If you're not familiar with San Diego History, there is an area in San Diego previously known as "Italian Colony," which is modern-day Little Italy. Peter Corona, writer of a 398-page book called Little Italy: The Way IT Was, says that San Diego's Little Italy is not like any other Little Italys in the United States. The people from Italy that inhabited this area "stayed mostly within that area, and rarely associated with people who were non-Italian," says Corona. They also were not welcoming to other Italians from other Italian communities in the United States at that time.
The highlight of this Little Italy visit is actually the Our Lady of the Rosary church. I was reading a book about San Diego earlier this week and this church popped up on my radar as a must-see, so since Little Italy is 5 minutes from my home, why not check it out?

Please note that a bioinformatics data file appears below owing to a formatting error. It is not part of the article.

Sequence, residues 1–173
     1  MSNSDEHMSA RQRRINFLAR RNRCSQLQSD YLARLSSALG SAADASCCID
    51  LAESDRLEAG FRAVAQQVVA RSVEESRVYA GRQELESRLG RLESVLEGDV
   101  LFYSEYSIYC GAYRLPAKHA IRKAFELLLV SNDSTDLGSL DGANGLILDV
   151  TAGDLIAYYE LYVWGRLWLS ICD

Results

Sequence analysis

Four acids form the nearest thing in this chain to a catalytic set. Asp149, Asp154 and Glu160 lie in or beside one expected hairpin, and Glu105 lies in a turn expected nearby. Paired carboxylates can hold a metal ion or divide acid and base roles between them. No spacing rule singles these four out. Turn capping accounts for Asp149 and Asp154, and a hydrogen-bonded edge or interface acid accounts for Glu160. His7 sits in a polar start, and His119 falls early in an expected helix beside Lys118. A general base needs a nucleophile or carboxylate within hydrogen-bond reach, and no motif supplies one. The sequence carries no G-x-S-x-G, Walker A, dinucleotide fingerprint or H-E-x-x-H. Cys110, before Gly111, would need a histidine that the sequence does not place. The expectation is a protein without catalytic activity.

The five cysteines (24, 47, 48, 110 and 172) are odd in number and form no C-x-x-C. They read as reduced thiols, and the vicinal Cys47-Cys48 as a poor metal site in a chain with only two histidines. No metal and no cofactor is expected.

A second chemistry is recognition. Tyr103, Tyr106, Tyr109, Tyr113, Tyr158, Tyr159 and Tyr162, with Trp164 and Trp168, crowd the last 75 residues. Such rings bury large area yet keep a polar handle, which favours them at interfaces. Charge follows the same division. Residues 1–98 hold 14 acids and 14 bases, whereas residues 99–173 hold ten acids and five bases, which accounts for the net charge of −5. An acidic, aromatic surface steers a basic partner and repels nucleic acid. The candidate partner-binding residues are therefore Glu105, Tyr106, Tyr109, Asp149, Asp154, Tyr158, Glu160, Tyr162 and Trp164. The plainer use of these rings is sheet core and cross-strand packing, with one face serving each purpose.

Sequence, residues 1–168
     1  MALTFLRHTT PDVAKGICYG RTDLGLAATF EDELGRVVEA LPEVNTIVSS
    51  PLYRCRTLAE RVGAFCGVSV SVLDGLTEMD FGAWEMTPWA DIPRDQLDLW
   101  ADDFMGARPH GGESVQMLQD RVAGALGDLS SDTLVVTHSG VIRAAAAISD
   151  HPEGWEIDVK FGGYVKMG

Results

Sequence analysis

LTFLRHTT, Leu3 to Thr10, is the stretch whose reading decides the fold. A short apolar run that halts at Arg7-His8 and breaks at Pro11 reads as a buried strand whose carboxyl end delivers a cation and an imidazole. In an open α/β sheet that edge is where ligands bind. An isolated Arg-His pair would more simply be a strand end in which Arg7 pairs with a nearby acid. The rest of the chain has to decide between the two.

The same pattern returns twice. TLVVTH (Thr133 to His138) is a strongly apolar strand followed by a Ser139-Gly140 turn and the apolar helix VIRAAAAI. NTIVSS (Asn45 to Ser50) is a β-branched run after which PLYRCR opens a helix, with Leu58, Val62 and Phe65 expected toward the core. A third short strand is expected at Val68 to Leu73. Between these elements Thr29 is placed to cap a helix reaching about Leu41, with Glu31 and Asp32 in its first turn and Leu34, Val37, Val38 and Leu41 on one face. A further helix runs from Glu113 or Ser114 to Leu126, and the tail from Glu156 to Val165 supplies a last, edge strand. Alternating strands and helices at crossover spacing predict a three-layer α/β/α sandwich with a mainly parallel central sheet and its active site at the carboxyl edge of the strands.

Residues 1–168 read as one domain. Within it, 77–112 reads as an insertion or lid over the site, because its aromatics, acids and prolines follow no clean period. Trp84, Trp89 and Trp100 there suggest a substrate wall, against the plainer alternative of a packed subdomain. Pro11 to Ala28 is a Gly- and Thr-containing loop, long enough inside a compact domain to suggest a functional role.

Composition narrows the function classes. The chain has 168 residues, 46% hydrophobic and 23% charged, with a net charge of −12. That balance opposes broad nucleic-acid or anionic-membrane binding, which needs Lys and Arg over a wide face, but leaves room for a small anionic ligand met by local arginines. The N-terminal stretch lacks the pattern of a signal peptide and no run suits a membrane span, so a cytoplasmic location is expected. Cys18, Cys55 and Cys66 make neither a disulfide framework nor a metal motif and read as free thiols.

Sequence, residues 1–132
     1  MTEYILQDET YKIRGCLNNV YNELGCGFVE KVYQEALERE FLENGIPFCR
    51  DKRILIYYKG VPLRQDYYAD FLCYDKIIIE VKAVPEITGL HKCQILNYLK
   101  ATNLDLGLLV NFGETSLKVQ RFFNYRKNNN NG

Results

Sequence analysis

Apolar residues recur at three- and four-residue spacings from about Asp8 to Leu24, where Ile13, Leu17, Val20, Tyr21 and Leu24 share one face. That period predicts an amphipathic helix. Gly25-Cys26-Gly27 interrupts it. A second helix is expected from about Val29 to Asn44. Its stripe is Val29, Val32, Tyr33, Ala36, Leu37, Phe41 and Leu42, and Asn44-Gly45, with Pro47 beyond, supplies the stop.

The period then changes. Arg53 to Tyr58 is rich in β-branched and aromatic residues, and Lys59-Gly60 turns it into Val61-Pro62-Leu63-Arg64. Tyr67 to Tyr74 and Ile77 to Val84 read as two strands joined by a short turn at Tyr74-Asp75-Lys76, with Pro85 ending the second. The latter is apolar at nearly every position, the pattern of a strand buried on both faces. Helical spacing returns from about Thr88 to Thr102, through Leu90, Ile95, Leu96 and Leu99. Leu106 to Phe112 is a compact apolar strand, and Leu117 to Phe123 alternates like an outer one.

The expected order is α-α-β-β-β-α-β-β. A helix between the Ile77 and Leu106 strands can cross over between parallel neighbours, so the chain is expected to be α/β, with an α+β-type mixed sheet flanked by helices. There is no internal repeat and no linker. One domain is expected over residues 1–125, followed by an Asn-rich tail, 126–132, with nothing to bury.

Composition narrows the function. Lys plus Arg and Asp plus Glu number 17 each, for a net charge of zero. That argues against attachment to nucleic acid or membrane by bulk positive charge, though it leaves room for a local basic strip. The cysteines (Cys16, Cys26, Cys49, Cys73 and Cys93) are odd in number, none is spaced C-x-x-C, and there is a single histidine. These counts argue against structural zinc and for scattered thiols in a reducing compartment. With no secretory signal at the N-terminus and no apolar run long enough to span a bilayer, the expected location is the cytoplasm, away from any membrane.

After entering the church, I felt and saw the history that I read about. The inside brings you back to time and you get a really old-world feel. It felt like I was back in the beginnings of this community in the early 1900's, when it was a hot spot for people from Genoa and Sicily.
It was inspiring to see the paintings of Italian artist, Fausto Tasca, all over the walls and ceilings of this tiny church. There's also the beauty of pulsating lights piercing through the stained glass windows. If you're out and about in Little Italy, a quick 5-minute pop-in this church is more than enough time. You can stop by before your dinner reservation and you say your grace at the same time. #experiencesd
"Preserve America Community: Little Italy, San Diego, California."
Preserve America Community
. N.p., 8 June 2009. Web. 04 Aug. 2013.